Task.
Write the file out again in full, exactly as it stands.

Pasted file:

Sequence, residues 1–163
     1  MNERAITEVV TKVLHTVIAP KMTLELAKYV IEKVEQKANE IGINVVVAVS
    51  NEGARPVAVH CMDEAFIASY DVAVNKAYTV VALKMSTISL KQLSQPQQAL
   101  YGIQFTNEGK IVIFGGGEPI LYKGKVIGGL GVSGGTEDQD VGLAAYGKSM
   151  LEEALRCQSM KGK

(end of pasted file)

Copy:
Sequence, residues 1–163
     1  MNERAITEVV TKVLHTVIAP KMTLELAKYV IEKVEQKANE IGINVVVAVS
    51  NEGARPVAVH CMDEAFIASY DVAVNKAYTV VALKMSTISL KQLSQPQQAL
   101  YGIQFTNEGK IVIFGGGEPI LYKGKVIGGL GVSGGTEDQD VGLAAYGKSM
   151  LEEALRCQSM KGK